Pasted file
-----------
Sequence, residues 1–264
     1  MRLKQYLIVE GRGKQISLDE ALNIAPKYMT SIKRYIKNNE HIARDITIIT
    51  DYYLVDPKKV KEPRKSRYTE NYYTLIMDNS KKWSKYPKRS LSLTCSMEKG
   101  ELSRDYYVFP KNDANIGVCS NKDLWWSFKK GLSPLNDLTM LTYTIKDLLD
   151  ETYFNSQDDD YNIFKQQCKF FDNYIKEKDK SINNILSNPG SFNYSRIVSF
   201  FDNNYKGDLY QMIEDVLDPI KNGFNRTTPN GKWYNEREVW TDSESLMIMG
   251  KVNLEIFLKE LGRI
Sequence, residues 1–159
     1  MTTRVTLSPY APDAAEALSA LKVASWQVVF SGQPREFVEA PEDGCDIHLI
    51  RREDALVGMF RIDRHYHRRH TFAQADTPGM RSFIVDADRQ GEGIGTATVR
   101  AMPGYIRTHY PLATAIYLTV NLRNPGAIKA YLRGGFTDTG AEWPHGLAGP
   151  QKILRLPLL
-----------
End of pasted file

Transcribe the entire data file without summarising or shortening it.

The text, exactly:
Sequence, residues 1–264
     1  MRLKQYLIVE GRGKQISLDE ALNIAPKYMT SIKRYIKNNE HIARDITIIT
    51  DYYLVDPKKV KEPRKSRYTE NYYTLIMDNS KKWSKYPKRS LSLTCSMEKG
   101  ELSRDYYVFP KNDANIGVCS NKDLWWSFKK GLSPLNDLTM LTYTIKDLLD
   151  ETYFNSQDDD YNIFKQQCKF FDNYIKEKDK SINNILSNPG SFNYSRIVSF
   201  FDNNYKGDLY QMIEDVLDPI KNGFNRTTPN GKWYNEREVW TDSESLMIMG
   251  KVNLEIFLKE LGRI
Sequence, residues 1–159
     1  MTTRVTLSPY APDAAEALSA LKVASWQVVF SGQPREFVEA PEDGCDIHLI
    51  RREDALVGMF RIDRHYHRRH TFAQADTPGM RSFIVDADRQ GEGIGTATVR
   101  AMPGYIRTHY PLATAIYLTV NLRNPGAIKA YLRGGFTDTG AEWPHGLAGP
   151  QKILRLPLL